ABC News 24 gets mad, then even. In the battle of the 24-hour news channels, ABC News 24 and Sky News are constantly warring for exclusives and being first with the story. Last night’s Rooty Hill forum — a joint Daily Telegraph/Sky News event — with Tony Abbott and Julia Gillard was a classic example, since Sky News refused to give ABC News 24 access to the feed and only offering a highlights package.
Earlier this week the ABC News 24 released an angry press release, claiming that since its gives out a feed to Press Club debates, Sky News should offer them one for the Rooty Hill forum:
“…the event will not be shown live on ABC NEWS 24, the ABC’s new continuous news channel, or streamed on radio or online because it is being withheld by the organisers of the event – Sky News and The Daily Telegraph. This is in stark contrast to every other major appearance involving the two leaders and the major policy debates at the National Press Club, which have all been produced by the ABC and made available live and as a “clean feed” to all other networks, including Sky.
Caroline Overington wrote a snitchy little blog post over at The Oz about why it was totally fair for Sky News not to give a live feed to ABC News 24 (while also declaring that Sky News did not own The Australian, totally separate, jeez why does everyone keep talking about that, they are different companies okay…):
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“…The People’s Forum is a live TV show, in the same way as the ABC’s Q&A, starring Julia Gillard on Monday night, was a live TV show. Sky didn’t ask for the live Q&A feed, to show live on Sky. Sky won’t ask for next week’s Q&A, featuring Tony Abbott. The ABC News 24 therefore can’t expect Sky to hand over a feed from the forum.”
ABC Director Mark Scott made a bitchy swipe on Twitter this morning over the ratings:
For those who watch the numbers # Gruen 1.57m, Spicks 1.46m, #YWC 1.34m, #Lateline 617k. #Rooty 95k #ausvotes
Yes, that’s right, just 95,000 viewers for Rooty Hill. Touché Scott. — Amber Jamieson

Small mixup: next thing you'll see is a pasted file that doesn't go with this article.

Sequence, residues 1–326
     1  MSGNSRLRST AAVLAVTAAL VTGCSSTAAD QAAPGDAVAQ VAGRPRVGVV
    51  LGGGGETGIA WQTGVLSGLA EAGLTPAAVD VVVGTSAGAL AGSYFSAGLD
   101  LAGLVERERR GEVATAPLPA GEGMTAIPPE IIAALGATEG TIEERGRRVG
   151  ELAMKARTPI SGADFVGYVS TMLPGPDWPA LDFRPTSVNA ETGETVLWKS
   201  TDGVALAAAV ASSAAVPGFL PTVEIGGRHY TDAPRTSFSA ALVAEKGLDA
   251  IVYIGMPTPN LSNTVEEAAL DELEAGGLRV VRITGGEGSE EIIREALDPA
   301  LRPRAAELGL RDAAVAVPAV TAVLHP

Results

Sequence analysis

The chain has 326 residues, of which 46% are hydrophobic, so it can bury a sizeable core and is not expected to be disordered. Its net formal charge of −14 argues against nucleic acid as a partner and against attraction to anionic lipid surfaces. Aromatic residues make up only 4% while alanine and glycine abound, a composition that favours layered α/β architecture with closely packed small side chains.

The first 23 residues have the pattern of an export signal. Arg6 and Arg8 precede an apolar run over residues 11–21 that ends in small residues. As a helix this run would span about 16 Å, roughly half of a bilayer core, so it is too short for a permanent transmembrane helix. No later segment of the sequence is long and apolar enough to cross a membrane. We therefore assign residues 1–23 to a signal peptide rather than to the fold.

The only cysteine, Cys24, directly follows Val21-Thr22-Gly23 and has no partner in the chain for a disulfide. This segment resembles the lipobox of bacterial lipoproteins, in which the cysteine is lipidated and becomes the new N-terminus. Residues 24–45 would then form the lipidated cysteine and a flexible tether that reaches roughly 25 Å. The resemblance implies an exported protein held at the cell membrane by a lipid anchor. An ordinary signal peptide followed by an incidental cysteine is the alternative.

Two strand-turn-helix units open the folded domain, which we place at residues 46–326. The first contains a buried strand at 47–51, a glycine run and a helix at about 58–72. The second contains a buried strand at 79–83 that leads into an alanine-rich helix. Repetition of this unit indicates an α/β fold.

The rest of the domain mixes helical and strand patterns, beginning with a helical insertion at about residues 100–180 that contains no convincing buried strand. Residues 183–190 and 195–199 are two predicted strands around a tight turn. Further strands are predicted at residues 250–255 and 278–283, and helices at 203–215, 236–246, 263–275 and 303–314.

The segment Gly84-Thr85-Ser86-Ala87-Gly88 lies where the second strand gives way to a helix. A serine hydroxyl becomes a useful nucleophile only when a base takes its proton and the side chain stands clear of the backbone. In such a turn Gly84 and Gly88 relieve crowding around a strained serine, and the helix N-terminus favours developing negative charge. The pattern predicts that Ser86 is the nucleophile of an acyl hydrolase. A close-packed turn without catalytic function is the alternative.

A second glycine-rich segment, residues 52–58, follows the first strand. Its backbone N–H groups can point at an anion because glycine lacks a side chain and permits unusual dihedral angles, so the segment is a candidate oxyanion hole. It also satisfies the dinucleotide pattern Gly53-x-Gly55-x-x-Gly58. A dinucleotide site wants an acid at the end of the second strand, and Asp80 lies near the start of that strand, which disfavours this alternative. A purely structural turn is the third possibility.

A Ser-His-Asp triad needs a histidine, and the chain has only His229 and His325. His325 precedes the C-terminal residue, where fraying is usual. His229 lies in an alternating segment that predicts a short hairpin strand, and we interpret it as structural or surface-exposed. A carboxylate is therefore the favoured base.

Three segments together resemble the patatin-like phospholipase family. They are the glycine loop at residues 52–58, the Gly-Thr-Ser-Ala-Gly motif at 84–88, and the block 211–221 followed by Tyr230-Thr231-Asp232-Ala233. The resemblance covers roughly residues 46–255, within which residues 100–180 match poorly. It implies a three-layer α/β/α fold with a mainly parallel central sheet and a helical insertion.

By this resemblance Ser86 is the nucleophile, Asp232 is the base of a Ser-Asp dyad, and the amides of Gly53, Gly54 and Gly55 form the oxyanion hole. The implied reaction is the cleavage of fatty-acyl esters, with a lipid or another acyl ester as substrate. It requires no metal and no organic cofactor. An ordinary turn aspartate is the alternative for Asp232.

Ergas’ conflict unreported. It’s a bit rich for the ABC’s The World Today radio program yesterday to try and portray a man who has been advising both the Liberal Party and Telstra in the past as an independent commentator on broadband policy. But that’s what the program did with Dr Henry Ergas. In the past he advised both former Liberal leader Malcolm Turnbull and worked as a consultant to Telstra. This is how the program described Dr Ergas and a representative from the internet industry yesterday:
“To discuss the merits of the two schemes I was joined a short time ago by Peter Coroneos from the Internet Industry Association, and Dr Henry Ergas who is a regulatory economist based in Canberra. He’s taught at universities here and abroad and previously worked for both the Productivity Commission and the OECD.”
Look here for the reference on Henry Ergas’s tax review for Malcolm Turnbull and look here for his work with Telstra. Why wasn’t his consultancy work for the Liberal Party, and especially Telstra, identified? — Glenn Dyer
ABC wordsmith signs off. Kel Richards — that doyen of ABC NewsRadio, friend to wordsmiths everywhere — is going commercial. The ABC has announced he’ll leave the public broadcaster after three decades to “pursue a new professional venture in commercial radio”. NewsRadio manager Helen Thomas says: “While NewsRadio listeners will certainly miss his gravitas and idiosyncratic style, I wish him the very best for the future”.